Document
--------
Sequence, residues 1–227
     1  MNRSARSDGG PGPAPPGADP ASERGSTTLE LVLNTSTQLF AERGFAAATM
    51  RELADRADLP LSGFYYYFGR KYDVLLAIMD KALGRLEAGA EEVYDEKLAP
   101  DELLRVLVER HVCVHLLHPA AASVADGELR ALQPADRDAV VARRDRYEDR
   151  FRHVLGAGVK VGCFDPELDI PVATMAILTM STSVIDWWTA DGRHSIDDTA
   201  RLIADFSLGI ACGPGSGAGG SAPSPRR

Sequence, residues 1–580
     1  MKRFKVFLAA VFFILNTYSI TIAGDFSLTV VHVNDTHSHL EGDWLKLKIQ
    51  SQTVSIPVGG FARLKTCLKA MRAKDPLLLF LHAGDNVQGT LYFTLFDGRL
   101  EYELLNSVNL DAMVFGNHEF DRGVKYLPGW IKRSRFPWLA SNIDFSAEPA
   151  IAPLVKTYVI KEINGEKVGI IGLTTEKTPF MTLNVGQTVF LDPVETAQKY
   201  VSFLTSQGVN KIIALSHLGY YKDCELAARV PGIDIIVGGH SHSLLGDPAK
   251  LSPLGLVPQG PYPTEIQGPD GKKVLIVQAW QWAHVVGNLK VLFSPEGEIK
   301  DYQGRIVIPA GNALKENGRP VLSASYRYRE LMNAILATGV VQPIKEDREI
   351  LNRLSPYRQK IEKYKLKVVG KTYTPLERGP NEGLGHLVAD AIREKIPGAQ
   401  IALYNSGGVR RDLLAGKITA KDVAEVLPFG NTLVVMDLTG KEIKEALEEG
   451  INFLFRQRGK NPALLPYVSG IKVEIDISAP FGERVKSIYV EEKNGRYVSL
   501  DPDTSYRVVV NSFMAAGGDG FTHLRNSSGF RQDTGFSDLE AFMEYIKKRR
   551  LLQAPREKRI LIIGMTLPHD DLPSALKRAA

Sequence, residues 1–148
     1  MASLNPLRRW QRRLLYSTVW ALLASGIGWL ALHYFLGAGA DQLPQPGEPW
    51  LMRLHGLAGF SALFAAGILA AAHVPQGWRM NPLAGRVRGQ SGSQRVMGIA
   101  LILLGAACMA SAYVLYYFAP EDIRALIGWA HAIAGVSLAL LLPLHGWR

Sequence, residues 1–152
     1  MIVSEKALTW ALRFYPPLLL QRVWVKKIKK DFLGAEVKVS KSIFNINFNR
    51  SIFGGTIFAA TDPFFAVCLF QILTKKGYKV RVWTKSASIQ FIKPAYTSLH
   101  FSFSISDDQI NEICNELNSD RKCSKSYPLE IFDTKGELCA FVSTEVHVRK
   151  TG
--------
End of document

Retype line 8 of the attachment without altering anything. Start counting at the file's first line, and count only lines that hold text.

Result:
     1  MKRFKVFLAA VFFILNTYSI TIAGDFSLTV VHVNDTHSHL EGDWLKLKIQ